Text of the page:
Paula thinks about our characters’ health problems.
Many of our UK 'soap operas' frequently have either some major
health issue for one of the characters, or a dramatic hospital scene where a
character hovers between life and death or seems to be half paralysed for life.
Miraculously, most of them recover the following week – and everyone
seems to accept this! None of them seem to go through any post-op trauma or
repeated visits to the hospital for physio or some other therapy.
For non-soap writers, this doesn’t work, unfortunately. I’m
sure our readers would soon point out that someone who breaks a leg in Chapter
2 wouldn’t be climbing a mountain in Chapter 3 (unless there was a long gap
between those chapters). They wouldn't even be driving a car for at least six weeks.
If we want one of our characters to have an accident or some
health problem, obviously we need to research the facts carefully (assuming we
haven’t experienced the problem ourselves). In the first draft of one of my
novels, my heroine broke her ankle. This led to some good (although I say it
myself!) scenes between her and the hero, but in the end I had to scrap them
all. It can take weeks, if not months, for a broken ankle to heal, and a
heroine’s immobilisation for such a long period can slow a story down to
crawling pace (literally?)
One ploy we are warned against is the melodramatic
reunion of the hero and heroine (at the end of the story) when one of them has
an accident or illness that sends the other rushing to their hospital bedside
to pledge undying love. This may create a tear-jerkingly sentimental conclusion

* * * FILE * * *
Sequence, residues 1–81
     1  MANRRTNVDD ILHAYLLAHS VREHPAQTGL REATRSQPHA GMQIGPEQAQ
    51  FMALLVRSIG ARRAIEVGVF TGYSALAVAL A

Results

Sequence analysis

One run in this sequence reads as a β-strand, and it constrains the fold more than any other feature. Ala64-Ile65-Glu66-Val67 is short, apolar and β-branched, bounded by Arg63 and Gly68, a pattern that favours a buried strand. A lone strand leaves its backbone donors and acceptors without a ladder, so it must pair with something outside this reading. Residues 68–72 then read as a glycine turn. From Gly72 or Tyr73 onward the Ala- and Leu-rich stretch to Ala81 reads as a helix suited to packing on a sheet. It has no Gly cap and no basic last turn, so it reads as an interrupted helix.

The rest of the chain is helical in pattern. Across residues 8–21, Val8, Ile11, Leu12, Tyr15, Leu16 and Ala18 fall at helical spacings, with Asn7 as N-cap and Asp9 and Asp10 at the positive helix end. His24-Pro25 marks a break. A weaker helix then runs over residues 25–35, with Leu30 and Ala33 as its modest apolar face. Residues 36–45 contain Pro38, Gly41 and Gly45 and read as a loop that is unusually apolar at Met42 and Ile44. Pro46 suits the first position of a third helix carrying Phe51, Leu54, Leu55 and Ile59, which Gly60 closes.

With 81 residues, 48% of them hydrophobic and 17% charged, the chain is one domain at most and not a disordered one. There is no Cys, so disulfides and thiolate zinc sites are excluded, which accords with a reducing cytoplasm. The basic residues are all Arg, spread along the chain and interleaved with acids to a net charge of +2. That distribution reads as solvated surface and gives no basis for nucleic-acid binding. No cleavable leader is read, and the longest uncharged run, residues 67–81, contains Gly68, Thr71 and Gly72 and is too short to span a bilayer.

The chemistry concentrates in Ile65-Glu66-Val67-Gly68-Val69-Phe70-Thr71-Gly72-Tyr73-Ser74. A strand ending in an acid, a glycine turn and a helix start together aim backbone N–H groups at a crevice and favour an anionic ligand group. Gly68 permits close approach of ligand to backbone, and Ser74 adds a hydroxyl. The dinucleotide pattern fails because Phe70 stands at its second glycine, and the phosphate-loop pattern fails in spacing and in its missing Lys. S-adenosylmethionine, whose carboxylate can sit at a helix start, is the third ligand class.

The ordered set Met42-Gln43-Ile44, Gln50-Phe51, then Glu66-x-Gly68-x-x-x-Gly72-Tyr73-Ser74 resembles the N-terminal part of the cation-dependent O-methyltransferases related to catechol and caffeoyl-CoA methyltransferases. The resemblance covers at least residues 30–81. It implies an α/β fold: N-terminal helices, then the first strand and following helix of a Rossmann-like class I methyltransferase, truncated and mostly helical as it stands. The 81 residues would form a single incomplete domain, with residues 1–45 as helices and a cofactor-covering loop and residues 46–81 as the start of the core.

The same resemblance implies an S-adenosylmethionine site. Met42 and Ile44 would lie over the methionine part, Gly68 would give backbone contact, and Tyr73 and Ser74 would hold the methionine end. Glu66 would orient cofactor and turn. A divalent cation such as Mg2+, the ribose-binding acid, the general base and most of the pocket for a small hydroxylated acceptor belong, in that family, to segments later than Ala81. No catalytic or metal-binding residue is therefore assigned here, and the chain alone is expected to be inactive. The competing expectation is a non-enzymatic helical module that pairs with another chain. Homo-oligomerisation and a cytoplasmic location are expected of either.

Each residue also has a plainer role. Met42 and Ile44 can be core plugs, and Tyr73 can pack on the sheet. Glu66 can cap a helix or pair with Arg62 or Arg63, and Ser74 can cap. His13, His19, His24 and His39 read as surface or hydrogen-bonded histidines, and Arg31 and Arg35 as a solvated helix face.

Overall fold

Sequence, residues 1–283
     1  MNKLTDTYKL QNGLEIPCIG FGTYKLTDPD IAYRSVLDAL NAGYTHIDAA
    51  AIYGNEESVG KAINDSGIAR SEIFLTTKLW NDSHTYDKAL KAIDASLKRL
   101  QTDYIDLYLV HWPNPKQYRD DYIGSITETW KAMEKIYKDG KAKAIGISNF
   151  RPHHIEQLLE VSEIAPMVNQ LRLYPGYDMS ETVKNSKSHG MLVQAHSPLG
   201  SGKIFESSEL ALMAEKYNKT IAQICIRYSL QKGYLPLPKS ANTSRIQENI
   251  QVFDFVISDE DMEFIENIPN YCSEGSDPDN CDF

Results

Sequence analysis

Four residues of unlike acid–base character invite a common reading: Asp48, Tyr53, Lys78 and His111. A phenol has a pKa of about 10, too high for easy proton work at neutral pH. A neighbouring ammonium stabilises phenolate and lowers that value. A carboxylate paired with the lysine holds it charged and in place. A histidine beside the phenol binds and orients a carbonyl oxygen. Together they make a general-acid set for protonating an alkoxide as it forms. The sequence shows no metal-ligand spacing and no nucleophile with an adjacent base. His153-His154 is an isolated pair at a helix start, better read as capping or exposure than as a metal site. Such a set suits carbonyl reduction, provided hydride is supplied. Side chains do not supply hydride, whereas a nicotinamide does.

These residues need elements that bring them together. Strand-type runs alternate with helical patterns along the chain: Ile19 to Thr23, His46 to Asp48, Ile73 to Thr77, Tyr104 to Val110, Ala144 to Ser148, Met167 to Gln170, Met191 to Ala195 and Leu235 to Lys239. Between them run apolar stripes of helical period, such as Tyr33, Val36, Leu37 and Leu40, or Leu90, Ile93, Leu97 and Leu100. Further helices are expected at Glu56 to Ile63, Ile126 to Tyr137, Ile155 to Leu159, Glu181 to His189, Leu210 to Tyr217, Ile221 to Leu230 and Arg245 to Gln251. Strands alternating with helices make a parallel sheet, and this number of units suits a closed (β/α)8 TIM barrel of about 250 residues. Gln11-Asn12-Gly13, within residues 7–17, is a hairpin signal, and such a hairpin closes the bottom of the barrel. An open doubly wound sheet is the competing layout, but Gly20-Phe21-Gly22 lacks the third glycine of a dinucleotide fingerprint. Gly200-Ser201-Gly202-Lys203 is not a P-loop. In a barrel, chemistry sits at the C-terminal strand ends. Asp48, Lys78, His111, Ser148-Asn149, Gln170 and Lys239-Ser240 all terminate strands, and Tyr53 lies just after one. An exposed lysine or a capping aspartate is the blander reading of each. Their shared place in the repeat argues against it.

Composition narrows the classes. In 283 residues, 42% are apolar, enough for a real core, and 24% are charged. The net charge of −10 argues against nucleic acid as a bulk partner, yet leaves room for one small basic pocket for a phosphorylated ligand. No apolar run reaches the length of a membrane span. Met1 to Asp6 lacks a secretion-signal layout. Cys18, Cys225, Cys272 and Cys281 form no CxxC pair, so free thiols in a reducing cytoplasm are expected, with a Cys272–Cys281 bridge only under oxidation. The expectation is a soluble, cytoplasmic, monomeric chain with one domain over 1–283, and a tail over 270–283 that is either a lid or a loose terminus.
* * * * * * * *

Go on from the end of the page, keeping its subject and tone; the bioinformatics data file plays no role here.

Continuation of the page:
to a story, but it probably doesn’t resolve any of the issues/problems the
hero/heroine might have been having, at least not in a satisfying way.
I’ve only used health/hospital scenes as a plot device in a
couple of my novels. In ‘Changing the
Future’, the heroine’s son is taken to hospital after a minor accident at
school. This actually created more problems for the heroine because she had to
rush off to the hospital without telling the hero where she was going, which added
to their problems.
In ‘Fragrance of
Violets’ which I’m currently editing for re-publication, my heroine goes to
see her father (who is dying in a hospice) and makes her peace with him. It’s a
life-changing event for her, but comes too late (or so it seems) to resolve any
of the problems between her and the hero.
Thus my health/hospital scenes don’t solve anything for my
characters but invariably make things harder for them!
I’m curious about what health/hospital incidents other
writers use – and how these contribute to their stories. Over to you!